Hope Being Restored After Hurricane Katrina

Sara J Dufort

Death, destruction, and devastation – this was how society described the toll that Hurricane Katrina took, after it made landfall in August 2005. 1,800 citizens lost their lives during the storm, and over a million people were displaced. Five years later, the areas that were hit the hardest are still rebuilding, and the pieces left in ruins are finally being put back together.

Flooding and damage caused by Hurricane Katrina.

Levees, schools, and homes were all destroyed in states like Louisiana and Mississippi, and rebuilding has been a slow and tedious process. As a college student, can you imagine the campus being completely covered with water and being sent away to another college where you did not want to be?

This was the case at Xavier University in New Orleans, where President Obama delivered a speech to commemorate the five-year anniversary of the storm. People had serious doubts about the school reopening, but through the dedication of students and the community, the school reopened in just five months. When the University’s President, Norman Francis, spoke he said this of their efforts, “What happened to New Orleans represents the greatest disaster this country has ever had. That we were able to come back in such a short period of time is a credit to the faith, commitment, and passion of our staff and faculty, who put aside their personal losses and problems to make this miracle happen.” To be able to rebuild an entire campus in such a short time exemplifies what can be done to continue rebuilding the area.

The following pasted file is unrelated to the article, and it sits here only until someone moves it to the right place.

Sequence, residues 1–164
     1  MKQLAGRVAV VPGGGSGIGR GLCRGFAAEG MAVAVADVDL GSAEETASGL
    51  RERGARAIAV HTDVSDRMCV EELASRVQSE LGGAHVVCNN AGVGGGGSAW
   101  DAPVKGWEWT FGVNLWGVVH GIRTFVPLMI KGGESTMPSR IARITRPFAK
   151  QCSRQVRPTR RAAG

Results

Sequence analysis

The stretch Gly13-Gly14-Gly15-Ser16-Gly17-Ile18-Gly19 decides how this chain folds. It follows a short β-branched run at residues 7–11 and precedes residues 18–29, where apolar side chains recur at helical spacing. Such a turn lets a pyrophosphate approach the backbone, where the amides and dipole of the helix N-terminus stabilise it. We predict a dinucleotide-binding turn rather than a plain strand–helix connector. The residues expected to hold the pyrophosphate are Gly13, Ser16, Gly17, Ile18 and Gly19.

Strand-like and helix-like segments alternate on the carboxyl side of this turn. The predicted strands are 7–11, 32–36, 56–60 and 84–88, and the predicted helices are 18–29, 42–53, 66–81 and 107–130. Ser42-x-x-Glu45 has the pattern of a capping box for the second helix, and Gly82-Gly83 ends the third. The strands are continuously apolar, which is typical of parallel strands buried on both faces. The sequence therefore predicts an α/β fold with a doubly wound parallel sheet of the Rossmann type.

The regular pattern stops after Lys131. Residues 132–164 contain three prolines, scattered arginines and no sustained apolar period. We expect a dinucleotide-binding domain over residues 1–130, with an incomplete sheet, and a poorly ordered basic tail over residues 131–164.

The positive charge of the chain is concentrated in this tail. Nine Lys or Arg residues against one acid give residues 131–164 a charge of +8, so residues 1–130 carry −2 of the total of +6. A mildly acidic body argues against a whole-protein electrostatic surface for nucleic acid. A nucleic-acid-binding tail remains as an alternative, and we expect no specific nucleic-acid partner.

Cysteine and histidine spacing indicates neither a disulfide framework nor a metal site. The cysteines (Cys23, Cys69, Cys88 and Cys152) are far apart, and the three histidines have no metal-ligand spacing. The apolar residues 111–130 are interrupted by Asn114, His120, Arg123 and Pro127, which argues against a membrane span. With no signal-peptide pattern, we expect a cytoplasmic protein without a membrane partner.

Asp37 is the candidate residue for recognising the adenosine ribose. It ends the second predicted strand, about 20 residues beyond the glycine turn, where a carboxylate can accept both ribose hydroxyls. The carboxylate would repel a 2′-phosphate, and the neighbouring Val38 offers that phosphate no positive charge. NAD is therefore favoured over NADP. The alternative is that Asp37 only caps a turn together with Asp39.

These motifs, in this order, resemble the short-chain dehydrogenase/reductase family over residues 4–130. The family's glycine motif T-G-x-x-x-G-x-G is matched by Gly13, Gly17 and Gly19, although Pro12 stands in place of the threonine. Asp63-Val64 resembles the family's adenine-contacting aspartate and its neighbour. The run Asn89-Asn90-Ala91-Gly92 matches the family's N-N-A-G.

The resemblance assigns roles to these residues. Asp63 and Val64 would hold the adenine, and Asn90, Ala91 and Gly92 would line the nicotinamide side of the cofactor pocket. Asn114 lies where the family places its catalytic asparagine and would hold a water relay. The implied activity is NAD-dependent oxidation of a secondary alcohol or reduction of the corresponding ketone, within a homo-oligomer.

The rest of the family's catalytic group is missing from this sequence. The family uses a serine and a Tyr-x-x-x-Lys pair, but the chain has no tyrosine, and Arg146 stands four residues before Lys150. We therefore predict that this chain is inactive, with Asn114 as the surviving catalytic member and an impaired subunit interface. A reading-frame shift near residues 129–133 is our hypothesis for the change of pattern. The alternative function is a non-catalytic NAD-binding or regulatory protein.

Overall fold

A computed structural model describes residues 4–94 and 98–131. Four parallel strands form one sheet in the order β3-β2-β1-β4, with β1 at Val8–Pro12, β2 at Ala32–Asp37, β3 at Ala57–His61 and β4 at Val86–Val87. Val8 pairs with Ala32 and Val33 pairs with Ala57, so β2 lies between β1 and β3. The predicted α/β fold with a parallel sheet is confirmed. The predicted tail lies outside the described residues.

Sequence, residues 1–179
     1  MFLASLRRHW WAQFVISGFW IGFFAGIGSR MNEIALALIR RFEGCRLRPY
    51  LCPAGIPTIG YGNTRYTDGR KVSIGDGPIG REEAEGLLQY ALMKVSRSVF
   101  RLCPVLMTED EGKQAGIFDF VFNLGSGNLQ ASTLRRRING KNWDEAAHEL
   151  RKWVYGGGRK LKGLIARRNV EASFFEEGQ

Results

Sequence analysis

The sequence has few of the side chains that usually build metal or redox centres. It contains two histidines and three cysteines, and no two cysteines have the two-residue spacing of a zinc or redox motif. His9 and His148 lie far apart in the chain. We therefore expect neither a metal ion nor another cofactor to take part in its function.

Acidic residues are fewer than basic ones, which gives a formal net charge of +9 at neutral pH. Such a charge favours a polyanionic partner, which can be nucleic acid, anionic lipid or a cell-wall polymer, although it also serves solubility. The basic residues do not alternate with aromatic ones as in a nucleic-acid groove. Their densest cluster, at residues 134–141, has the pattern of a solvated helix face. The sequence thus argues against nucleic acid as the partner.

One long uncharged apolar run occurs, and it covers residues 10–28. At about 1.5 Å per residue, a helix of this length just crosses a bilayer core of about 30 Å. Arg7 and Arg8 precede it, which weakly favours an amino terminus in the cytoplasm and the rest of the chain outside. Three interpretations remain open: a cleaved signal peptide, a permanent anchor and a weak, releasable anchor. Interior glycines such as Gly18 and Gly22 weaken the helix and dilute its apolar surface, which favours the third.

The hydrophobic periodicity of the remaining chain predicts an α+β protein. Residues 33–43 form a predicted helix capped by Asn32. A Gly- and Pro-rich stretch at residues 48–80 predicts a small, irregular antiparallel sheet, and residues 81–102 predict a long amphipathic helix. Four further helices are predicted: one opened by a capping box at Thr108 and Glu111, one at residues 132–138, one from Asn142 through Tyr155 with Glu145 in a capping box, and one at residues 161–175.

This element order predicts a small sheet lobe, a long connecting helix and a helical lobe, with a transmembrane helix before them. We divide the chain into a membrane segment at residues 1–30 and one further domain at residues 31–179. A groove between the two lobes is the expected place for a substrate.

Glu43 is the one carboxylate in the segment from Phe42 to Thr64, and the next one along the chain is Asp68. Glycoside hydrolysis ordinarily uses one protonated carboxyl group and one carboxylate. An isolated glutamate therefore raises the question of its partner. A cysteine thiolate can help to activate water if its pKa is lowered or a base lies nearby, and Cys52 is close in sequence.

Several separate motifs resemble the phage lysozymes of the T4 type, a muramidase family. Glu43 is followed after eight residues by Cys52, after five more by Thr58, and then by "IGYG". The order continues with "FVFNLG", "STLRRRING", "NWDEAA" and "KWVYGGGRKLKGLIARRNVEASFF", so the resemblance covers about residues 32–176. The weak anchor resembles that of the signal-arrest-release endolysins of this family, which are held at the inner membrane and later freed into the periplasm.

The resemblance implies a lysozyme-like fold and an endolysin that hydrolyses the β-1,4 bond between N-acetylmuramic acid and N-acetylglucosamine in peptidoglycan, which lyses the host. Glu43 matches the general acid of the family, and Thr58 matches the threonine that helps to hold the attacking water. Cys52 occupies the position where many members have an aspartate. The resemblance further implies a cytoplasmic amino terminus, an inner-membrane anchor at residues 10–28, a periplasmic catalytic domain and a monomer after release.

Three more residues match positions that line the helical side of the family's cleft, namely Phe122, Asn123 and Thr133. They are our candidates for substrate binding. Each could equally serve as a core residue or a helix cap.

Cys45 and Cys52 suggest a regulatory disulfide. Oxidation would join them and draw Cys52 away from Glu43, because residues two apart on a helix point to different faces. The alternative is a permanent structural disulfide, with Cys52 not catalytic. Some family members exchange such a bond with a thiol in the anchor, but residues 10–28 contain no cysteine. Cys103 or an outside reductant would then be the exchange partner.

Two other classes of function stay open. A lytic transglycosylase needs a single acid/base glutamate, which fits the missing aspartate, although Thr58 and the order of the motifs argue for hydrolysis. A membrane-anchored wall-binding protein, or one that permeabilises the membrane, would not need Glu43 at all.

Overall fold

While stories of rebuilding and triumph are common in the Gulf region, there is still much to be done. The federal government, as well as local charties, is doing their best to ensure that society can go back to normal. The Department of Housing and Urban Development (HUD), for example, has provided permanent housing to over 30,000 families stuck in disaster housing and have helped stabilize communities that were in pain from foreclosures and abandonment. This is crucial because the economy and people’s lives need to be lifted. Without a home, people are forced to live with family or in the trailers provided by FEMA.

The efforts of thousands have helped rebuild many communities. Yet five years later, 176 families from Mississippi and 707 families from Louisiana are still living in FEMA trailers.

With the current efforts being made, they will soon be able to restart their lives in the areas they used to love.

If one were to travel to New Orleans today, he would see over-grown lots and tattered houses with “for sale” signs lining certain roads. This is due in part to limited resources, resulting in families unable to travel back to the area. They were forced to relocate and are now unable to get back to their homes.  Another issue plaguing the area is that families have come back to see their homes destroyed. Some families have made the executive decision to move on, because rebuilding their home would result in financial ruin. They had no other choice but to sell the property.

Society, and the people directly affected, will never be able to forget the terror that Hurricane Katrina bestowed upon the Gulf Coast five years ago. We now know people’s dedication and resilience will continue to rebuild the lives and homes of those who lived there. As the five-year anniversary has come and passed, local music and block parties have shown that hope remains in places like New Orleans, Louisiana. The levees may have broken, but Hurricane Katrina will never be able to break the spirits of those involved with the rebuilding process.